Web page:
Saturday, March 25, 2006, I joined 499,999--heck, maybe there were a million of us-- other gente in the area around Los Angeles' City Hall. Our massive reaffirmation of the US Constitution was one of many such manifestations of community, and concern that the nation's growing repression of people like us requires critical attention.
From Milwaukee to Chicago to Phoenix to LA, one peaceful protest followed another. Friday afternoon, I happened across a high school walkout in Huntington Park, which was a warm-up for the next day's elation. Undoubtedly, you've seen the images in the papers; I hope you'll enjoy these two QuickTime movies I made of the HP and LA gatherings.
How many Chicana Chicano novels address immigration, per se? Not many, to the best of my recollection, and I'm not having another bout of CNS Syndrome. I think. Not many novels, if any, can say, like Gregory Nava's wonderful 1984 film El Norte, "this is a work about immigration and immigrants". So many writers choose not to deal with roots in the first place. In a preponderance of Chicana Chicano novels, Mexico may loom in the background of a plot--or not at all.
Several works make the act of immigrating part of the plot. For instance, there's Richard Vasquez' Chicano, a family saga that begins in the Mexican desert then plots its way through California's rural farmworker colonias, culminating in tragedy and despair in 1950s East Los Angeles (reviewed by both Daniel Olivas and me, shortly after the novel was reissued after a 30 year absence).
Then there's Victor Villaseñor's family saga that spreads across Rain of Gold and Wild Steps of Heaven, relating less to immigration than the family's motivations to come North. Immigration is a crucial fact of the characters in Demetria Martinez' Mother Tongue, and Hector Tobar's The Tattooed Soldier. But for the most part--and I hope La Bloga readers will expand on this notion--Chicanas and Chicanos write about immigrants' lives and deaths after they've immigrated and are learning to deal with what they have, here, al este lado. For example, Helen Viramontes' Under the Feet of Jesus recounts the lives--and one boy's miserable death from pesticides--of migrant farmworkers. More often, a novelist who ventures into familial history just plops down gente in the US after a few chapters depicting their former lives, and uses that past to illuminate the present. For example, Graciela Limon's The Day of the Moon, where the characters' Mexican and Rarámuri past helps a woman unravel a family secret.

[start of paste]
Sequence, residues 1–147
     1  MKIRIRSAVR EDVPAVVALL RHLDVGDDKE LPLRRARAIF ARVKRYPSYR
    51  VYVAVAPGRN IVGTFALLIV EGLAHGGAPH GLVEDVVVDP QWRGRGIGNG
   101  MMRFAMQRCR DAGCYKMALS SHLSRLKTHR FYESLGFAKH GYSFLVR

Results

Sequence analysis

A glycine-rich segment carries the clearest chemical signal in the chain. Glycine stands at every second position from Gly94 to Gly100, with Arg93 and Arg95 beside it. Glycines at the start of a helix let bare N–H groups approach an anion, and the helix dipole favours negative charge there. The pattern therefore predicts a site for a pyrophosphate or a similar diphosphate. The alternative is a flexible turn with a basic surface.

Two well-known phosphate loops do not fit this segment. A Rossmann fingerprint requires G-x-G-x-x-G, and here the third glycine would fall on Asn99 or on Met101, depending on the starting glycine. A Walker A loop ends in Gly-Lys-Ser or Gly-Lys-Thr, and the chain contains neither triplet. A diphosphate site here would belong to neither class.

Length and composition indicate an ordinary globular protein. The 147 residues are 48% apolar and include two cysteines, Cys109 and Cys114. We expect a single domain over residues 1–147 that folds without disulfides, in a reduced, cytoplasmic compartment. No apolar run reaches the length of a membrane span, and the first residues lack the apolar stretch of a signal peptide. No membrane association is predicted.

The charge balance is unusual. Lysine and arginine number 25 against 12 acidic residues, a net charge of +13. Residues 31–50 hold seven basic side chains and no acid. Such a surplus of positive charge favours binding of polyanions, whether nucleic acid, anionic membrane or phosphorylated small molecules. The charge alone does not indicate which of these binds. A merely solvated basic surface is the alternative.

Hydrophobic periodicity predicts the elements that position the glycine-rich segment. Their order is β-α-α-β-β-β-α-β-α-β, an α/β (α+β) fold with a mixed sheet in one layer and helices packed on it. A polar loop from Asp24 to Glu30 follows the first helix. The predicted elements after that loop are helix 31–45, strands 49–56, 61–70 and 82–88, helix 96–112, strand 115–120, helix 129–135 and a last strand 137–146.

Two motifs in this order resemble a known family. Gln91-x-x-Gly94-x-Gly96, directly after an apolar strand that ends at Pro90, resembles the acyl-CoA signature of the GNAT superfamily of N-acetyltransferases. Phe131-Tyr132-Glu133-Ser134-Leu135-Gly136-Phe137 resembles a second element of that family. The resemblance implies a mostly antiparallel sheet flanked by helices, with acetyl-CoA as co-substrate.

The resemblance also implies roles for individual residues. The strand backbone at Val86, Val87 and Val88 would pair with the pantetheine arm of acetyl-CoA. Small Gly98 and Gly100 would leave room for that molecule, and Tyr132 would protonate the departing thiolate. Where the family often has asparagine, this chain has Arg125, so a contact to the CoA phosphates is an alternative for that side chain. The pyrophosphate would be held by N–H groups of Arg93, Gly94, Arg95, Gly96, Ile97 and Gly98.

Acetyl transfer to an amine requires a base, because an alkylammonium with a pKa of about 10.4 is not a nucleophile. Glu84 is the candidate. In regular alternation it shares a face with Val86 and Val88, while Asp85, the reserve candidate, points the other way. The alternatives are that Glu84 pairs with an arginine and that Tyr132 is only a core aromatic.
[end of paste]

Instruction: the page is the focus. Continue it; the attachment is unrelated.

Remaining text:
Somewhere in this perplex may lie the germ of an answer to that most enduring of questions, "What is Chicana Chicano Literature"? However one approaches the answer, why should immigration play any role at all? I, for example, am the third generation of my family in this country, a son of US-born parents (and one grandmother born in this country back in the 19th century). Then again, I remember being asked time after time, "What are you?" American. "No, I mean, where are you from?" Here. "No, I mean, where was your father from?" Here. "You know what I mean!" Or, the time my primos (also 3d generation) and I were cavorting home from a movie in San Bernardino when a white Chrysler Imperial pulled to the gutter, the window rolled down, and an Anglo woman leaned over to scream at us, "You filthy little Mexicans!" Then she drove away, leaving us squealing in laughter and delight. Of course we were!
golondrinas cortando betabel,
americanos de papel,
o nomás mejicano
que migra con toy familia
a los campos de colorado,
illinois, califa, y michigan
se me hace que no es más que puro gitano.
salmones en el desaije
con un ojo a las colonias
a las cuales muy pronto volverán,
no les voy
a decir porqué lo hacen
porque la verdad ni ellos saben,
quizá el cariño a la tierra
mamado de una chichi prieta,
quizá el corazón libre
que dicta la jornada,
aunque el carro esté muy viejo
y la gasolina cara.
turistas sin un centavo
de vacaciones en nebraska,
es un descanso de tejas.
bumerangas que la mano de dios
por este mundo tiró,
gente víctima de su necesidad de migrar,
la lechuga o la justicia es lo que van a sembrar.
Saben que, that's Tuesday, March 28, a day like any other day, except, you
Hay les wachamos, or, as we filthy little Mexicans say, Read!